THE ABSOLUT FRINGE 2012 has more than 100 shows playing out across Dublin until 23 September. Each day, TheJournal.ie will bring you our readers’ reviews of the pick of the crop and everything in between. You’ll get the chance to get in on the act yourself with our daily reader review tickets giveaway!
Today’s review: Green Street
Hugh Cardiff’s review: On entering Green Court the audience is divided into four groups, my group first entered the cell beneath the courtroom, where Tom Joyce, charged with the murder of a Connemara family, and worried of rumours that he has ‘turned’ on the Land League.
A priest visits with some dubious advice before we’re led into the Judge’s room, where actor Daniel Reardon prepares for the trial, questioning “what happens when someone declares war on society?” and knowing that a difficult decision awaits. We’re then issued through the defence counsel’s and back office rooms before entering the courtroom.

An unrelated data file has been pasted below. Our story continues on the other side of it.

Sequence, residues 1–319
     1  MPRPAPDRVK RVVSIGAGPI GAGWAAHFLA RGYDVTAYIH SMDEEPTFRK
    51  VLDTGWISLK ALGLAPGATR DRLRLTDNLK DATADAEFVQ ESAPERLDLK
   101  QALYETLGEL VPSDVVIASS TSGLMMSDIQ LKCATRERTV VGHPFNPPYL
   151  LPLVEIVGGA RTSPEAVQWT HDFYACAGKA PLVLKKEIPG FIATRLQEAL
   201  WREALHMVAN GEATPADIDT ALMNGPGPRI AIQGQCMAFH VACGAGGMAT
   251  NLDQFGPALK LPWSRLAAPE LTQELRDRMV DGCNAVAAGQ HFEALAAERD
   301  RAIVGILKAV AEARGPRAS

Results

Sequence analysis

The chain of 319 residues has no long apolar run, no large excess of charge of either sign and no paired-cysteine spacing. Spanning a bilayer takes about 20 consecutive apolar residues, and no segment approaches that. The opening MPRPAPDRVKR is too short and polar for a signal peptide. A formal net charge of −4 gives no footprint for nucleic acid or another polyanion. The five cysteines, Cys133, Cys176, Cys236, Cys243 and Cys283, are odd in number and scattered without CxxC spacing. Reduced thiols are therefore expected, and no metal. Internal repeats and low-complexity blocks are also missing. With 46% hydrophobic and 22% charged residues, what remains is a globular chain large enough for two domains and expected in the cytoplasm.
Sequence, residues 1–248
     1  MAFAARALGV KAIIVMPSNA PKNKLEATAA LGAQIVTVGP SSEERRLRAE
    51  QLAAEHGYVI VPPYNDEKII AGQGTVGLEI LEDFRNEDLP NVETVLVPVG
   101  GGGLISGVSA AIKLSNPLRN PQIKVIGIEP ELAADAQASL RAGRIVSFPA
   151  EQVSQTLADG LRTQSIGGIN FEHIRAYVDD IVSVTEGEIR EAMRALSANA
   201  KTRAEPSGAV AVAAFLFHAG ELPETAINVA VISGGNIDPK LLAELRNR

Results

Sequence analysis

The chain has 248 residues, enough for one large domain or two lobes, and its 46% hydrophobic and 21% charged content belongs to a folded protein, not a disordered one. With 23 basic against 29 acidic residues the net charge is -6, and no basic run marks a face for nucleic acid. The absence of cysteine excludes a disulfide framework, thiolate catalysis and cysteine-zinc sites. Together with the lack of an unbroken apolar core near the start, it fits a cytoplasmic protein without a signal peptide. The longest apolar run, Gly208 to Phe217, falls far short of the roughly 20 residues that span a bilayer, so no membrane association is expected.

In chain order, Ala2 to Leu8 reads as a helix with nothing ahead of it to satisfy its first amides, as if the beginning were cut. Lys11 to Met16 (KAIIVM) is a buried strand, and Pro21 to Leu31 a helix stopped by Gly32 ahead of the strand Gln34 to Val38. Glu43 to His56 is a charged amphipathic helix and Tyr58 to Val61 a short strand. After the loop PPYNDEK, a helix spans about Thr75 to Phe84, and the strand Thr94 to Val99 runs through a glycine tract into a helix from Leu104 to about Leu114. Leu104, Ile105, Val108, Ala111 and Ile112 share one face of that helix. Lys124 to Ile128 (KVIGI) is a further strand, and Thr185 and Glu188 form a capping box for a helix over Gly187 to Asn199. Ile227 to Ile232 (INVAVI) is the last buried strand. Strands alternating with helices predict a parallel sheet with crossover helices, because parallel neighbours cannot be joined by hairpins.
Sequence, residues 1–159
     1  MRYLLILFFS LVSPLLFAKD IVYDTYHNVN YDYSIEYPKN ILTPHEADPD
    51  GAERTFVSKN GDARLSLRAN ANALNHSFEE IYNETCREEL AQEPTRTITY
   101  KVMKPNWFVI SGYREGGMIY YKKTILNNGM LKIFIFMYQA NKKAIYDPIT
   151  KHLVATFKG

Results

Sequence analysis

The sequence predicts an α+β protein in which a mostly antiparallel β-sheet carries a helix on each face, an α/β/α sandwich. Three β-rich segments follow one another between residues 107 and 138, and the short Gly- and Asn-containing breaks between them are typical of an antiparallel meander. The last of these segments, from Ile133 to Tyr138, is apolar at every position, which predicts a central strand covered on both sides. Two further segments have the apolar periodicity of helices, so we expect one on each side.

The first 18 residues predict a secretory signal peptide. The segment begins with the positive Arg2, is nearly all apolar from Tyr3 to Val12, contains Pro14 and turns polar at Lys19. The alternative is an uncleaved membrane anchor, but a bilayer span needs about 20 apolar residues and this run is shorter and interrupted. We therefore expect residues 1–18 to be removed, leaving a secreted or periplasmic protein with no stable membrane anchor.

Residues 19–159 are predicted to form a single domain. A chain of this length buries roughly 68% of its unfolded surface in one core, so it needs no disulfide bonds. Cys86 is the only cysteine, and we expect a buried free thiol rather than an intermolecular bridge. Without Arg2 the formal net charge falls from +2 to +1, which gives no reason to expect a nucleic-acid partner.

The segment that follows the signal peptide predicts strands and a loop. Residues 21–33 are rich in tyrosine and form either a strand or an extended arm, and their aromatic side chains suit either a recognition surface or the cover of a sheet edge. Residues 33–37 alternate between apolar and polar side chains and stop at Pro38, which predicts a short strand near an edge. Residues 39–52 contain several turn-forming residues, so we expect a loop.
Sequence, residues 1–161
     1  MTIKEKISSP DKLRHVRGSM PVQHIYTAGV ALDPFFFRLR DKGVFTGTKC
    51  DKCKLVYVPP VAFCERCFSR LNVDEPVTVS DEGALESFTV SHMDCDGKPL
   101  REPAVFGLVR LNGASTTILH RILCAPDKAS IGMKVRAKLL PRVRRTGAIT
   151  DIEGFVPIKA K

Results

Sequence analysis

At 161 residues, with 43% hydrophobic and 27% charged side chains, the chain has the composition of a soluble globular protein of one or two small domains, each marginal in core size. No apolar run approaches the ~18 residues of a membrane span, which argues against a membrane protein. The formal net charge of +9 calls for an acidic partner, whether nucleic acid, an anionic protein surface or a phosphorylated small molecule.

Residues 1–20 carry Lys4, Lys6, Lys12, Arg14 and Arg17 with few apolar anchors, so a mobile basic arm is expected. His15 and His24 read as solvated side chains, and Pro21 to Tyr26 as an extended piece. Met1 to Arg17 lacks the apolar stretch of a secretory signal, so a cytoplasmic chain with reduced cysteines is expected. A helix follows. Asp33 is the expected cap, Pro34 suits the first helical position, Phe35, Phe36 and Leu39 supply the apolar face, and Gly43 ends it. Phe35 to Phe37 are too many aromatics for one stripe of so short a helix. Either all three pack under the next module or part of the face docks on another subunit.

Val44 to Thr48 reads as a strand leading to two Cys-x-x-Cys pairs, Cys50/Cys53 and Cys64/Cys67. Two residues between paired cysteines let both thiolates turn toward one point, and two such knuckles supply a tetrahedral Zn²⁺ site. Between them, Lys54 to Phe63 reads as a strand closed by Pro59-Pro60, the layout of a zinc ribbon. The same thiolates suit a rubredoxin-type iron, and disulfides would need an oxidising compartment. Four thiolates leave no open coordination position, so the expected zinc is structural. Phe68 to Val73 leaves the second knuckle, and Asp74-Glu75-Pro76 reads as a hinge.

The trials covered span 200 years, from Robert Emmet , the Maamtrasna murders of 1803 to the murder of Garda Michael Reynolds in 1976, all linked by the assailant’s struggles for full independence, and while the court scenes can be confusing at times, jumping seamlessly from one trial to another, it is totally engrossing. This is a must-see site-specific event of the Fringe, and opens up a new avenue for historical re-enactments.
In three words? Tense. Absorbing. Involving.